'Elvis Handbook' is somehow different. Yes, it's a biography, but it offers rather more in its style of writing and content; yes, it has a lot of familiar photos, but also includes some less so; yes, it has errors, but it avoids the second prize 'Old Shep' and a recording for his mother's birthday type chestnuts; and no, it is not coffee-table format.
Strangely, the format of this attractive book reminds me very much of that used for holy books -- bibles and suchlike: it has that shape and size about it. Plus, it is gorgeously golden. I agree, normally this would make a book look garish, yet, together with Elvis in his gold lame suit on the cover, it somehow works for 'Elvis Handbook'.
The book's endpapers form a useful Elvis timeline. I can't count the number of email requests I have received for an Elvis timeline (even though they're easy enough to find on the Web), so there seems to be a call for such a thing, and here's one that's handy and complete up to the time of his death.
The text of the book is taken up for the most part by a succinct and interestingly written biography. This is interspersed with occasional interviews taken from other sources. Also, certain aspects of Elvis' career come in for closer evaluation, though without going too deeply into any particular aspect. The whole is further expanded by numerous quotes, which generally complement a photograph.
The text also includes some occasionally amusing writing: 'When Elvis saw [the Mediation Garden] completed, he had tears in his eyes. When Vernon saw the bill, he did too', and, writing about Elvis' meeting with Nixon and comparing Elvis' exhuberant attire to his, 'The president wore a dark suit and a fixed smile'.
Some poor proof-reading detracts from the otherwise enjoyable text: 'When Jamboree Attractions starting managing Elvis Presley', 'Elvis had a constant with a string of belles' and, 'a civil ceremony that lasting eight months', being a few examples.
'Elvis Handbook' is profusely illustrated in both colour and monochrome. The photos are well printed and captioned. Sadly, because of the form of the book, some double-page photos are rather difficult to view, but the quality of the others makes up for this aspect. Many of the photos are, of course, familiar to Elvis fans, but there are some interesting ones in there, too, that are otherwise seldom reprinted. In addition, the book is illustrated with reproductions of posters for Elvis' films and some of these are not for the usual English-language versions, so it's nice to see, for example, a Latino version of 'It Happened At The World's Fair' ('Pueos y Lagrimas') and 'Harem Holiday' ('Avventura en Oriente'). Sadly, the same carelessness shown in proof-reading the text is also present in at least one photo, with the portrait of Elvis on page 264 being printed in reverse.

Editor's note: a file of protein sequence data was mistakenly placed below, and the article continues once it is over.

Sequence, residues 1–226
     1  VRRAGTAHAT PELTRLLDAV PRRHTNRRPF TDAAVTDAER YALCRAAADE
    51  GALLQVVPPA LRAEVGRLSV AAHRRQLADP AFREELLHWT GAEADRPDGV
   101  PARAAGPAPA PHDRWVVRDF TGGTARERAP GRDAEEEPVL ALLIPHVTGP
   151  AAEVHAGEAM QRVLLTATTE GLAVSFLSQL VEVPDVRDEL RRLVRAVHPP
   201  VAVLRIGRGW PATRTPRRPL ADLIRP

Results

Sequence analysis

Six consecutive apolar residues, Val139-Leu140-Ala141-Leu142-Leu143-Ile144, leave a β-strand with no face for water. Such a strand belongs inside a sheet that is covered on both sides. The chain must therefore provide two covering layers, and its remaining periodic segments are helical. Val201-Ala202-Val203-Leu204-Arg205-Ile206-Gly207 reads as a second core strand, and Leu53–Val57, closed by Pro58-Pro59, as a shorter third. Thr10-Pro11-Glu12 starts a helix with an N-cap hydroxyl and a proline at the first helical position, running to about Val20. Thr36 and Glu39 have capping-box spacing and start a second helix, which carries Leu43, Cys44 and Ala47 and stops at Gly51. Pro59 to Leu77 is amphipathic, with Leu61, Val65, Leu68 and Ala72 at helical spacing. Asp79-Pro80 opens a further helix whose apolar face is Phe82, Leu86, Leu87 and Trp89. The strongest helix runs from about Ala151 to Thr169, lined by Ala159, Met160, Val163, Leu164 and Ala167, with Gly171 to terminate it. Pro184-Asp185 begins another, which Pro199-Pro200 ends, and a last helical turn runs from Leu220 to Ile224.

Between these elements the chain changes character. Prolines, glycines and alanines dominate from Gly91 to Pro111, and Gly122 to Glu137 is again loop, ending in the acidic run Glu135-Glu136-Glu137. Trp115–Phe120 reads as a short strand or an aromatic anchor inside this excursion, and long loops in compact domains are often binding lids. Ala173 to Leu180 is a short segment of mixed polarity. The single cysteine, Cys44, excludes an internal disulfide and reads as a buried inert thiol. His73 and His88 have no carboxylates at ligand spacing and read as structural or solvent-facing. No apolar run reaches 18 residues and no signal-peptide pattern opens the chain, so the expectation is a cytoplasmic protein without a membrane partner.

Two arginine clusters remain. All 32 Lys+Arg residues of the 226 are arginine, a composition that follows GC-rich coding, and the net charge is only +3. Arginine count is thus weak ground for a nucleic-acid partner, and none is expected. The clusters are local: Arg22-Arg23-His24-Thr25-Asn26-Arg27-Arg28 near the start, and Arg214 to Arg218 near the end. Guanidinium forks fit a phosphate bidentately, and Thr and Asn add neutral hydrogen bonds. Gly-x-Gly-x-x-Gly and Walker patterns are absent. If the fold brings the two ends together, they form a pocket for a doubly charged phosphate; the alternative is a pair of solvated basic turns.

Some factual errors have inevitably passed through whatever filtration process the book underwent. Some examples: during an otherwise very good sketch of Dewey Phillips, we are told that Yul Brynner (in the book written, 'Yul Brenner'!) was Elvis' co-star (presumably in 'The King And I'!); much to the disappointment of most male Elvis fans, it was not Dolores Hart that provided Elvis with his first screen kiss, as stated on page 78, but Jana Lund; and neither 'It's Now Or Never' nor 'Are You Lonesome Tonight' appeared on the original 'Elvis Is Back' release, as is intimated on page 195 -- they only appeared on the much later CD re-releases of that title. Fortunately, none is particularly significant, but it is just annoying to come across such mistakes, when it is so easy to avoid them.
Summing up, a good general biography, together with some interesting asides and additional information, well presented and illustrated, and at an attractively democratic price. A little more care would have earned the book an 'excellent' rating, but it still comes in at well worth the money.
Buy The Elvis Handbook
Author: Tara McAdams